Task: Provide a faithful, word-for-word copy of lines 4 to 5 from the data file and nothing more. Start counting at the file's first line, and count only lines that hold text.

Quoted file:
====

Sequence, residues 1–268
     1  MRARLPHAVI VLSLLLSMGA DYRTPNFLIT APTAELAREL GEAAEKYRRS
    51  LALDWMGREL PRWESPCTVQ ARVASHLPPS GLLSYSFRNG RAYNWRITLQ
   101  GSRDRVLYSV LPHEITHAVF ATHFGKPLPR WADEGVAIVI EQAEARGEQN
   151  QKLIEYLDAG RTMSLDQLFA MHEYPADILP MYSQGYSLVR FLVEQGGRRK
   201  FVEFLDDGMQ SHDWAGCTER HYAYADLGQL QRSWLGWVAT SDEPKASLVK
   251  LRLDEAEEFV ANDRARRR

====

   101  GSRDRVLYSV LPHEITHAVF ATHFGKPLPR WADEGVAIVI EQAEARGEQN
   151  QKLIEYLDAG RTMSLDQLFA MHEYPADILP MYSQGYSLVR FLVEQGGRRK